20 Nov Are ‘Natives’ friend or foe?
Angela Campbell looks at the impact of native advertising (or sponsored content) in our media.
I usually enjoy reading the Sunday Star Times Sunday magazine. It offers interesting, relevant stories and a bit of light relief from the (often depressing) news coverage during the week. Last weekend I opened Sunday, and was taken aback to see, right there in the centrefold, a piece of ‘native advertising’. If this type of content has featured in Sunday before, I haven’t noticed.
In very basic terms, ‘native advertising’ is where companies pay to place their messages in what looks like genuine editorial. It is often (usually very subtly in the top corner) termed ‘sponsored content’. The idea is that stories that look like those written by a journalist are more influential on the reader than what an obvious piece of advertising/marketing is.
American satirist John Oliver said that “no matter how advertising is dressed up, if it’s advertising then it’s not journalism”. On the flip-side, advertisers would argue that if their clients’ messages are high-quality, ‘balanced’ and educational, it doesn’t matter that their purpose is to ultimately sell something/ make a profit.
As strategic communicators, we advise our clients to always be as honest and open as possible. If they have newsworthy information to share, then the media will cover it. Of course the journalist holds the pen, but by engaging and building relationships with media, you can be proactive in getting your message across.
It’s the somewhat ‘sneaky’ nature of native advertising that personally puts me off. In the Sunday piece (sponsored by Microsoft), the heading reads: “The change makers: Stories of New Zealanders doing great things”. Five New Zealand ‘influencers’ are featured, briefly highlighting their significant achievements. The reader is then directed to ‘read more’ (in what is presumably further sponsored content) in upcoming editions of Fairfax magazines such as NZ Life and Leisure.
The Microsoft logo is present but its product launch is mentioned only once in the whole feature. So what does Microsoft get out of this? Well, by associating its brand with New Zealanders who demonstrate the values of humility, community service and innovation, it hopes that the reader will see these values in Microsoft as a company… and buy its products.
Call me cynical, but I don’t buy it (pun intended). Of course, at a time when traditional publishers need new ways to remain profitable, native advertising is an attractive option. It uses their journalists’ writing skills and resources to produce.
So how do consumers feel about it? Some may barely notice, or frankly just not care if what they are reading is ‘independent’ or not. I personally had an emotional reaction when I saw this native advertising in Sunday. My fondness for the magazine was suddenly called into question, and I felt just a tad misled. I lost motivation to continue reading the rest of the issue.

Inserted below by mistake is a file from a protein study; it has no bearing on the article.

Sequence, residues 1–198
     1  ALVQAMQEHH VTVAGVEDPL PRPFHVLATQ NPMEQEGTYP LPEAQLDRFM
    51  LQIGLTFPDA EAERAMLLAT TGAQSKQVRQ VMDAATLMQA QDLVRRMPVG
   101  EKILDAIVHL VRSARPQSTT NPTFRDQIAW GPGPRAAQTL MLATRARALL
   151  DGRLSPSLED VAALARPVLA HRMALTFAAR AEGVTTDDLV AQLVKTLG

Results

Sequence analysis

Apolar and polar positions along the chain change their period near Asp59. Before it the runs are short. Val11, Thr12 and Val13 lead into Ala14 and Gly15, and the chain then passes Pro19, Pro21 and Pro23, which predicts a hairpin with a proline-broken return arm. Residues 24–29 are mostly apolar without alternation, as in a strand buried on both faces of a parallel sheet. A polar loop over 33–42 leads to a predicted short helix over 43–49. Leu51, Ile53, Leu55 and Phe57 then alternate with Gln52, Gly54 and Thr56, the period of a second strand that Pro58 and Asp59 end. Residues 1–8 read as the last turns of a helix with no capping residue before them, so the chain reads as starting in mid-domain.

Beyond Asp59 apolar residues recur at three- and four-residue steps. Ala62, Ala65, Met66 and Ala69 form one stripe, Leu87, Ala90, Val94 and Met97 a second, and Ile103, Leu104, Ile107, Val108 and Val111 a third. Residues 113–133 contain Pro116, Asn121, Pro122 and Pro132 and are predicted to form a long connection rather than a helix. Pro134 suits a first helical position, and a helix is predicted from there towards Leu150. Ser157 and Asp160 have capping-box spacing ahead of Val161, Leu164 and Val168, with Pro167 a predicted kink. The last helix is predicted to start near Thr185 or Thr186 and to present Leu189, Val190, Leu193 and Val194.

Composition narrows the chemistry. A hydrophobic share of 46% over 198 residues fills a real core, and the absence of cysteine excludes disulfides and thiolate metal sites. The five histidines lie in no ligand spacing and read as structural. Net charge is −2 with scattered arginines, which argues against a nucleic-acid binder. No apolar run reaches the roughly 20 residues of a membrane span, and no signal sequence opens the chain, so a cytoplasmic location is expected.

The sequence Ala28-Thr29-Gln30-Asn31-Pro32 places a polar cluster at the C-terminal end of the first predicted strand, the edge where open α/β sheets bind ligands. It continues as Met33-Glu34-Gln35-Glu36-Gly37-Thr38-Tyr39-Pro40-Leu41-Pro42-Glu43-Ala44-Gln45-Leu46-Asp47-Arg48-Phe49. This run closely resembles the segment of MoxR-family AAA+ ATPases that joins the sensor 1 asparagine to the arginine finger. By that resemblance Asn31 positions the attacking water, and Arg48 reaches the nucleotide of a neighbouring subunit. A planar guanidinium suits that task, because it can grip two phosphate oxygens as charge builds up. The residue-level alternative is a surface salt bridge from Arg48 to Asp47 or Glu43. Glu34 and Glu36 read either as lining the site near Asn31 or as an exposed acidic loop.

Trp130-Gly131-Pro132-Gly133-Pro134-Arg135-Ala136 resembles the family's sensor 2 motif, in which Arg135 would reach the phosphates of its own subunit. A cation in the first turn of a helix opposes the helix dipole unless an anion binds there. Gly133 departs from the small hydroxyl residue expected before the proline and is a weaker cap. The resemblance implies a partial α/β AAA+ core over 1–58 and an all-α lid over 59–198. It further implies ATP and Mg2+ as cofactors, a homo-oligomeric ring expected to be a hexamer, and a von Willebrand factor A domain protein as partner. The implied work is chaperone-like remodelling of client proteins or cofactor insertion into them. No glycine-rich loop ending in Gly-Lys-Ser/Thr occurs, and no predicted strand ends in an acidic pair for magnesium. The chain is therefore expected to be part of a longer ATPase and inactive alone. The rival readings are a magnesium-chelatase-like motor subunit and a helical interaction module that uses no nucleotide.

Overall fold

In pure dollar terms, we understand the potential value to the client. Equally, many marketers point to research that claims this form of marketing is actually preferred by consumers. But as public relations practitioners, we look to a bigger picture – the long-term reputation of a client. Surely I am not the only person who feels that native advertising makes me mistrustful, constantly on guard for marketing messages hidden amongst the news and views I thought were (reasonably) independent.
Even with a degree of awareness, I can still be taken in. Just listening to Mike Hosking’s authoritative voice on Newstalk ZB the other morning, advocating the benefits of ‘Lester’s Oil’ health supplement (in a native advertising piece), I caught myself initially believing the hype as his personal recommendation. Upon realising it was sponsored content, my negative reaction was towards the media outlet, not the advertiser.
Understandably, commercial realities dictate. Native advertising is here, it is unavoidable, and indeed it is likely to continue to increase. It is an effective form of marketing for the majority of consumers and there is mutual benefit for advertisers and media publications.
But these publications will need to carefully manage native advertising’s influence in the future. I personally would rather have a mixture of independent journalistic stories, and then advertisements – clearly defined in all their glossy glory. Moderation will be the key, as too much sponsored content risks diluting the media’s credibility… and likeability too.
So, I’ll reserve my judgement on Sunday for now, and stay tuned for what features… or is sponsored, in this weekend’s issue.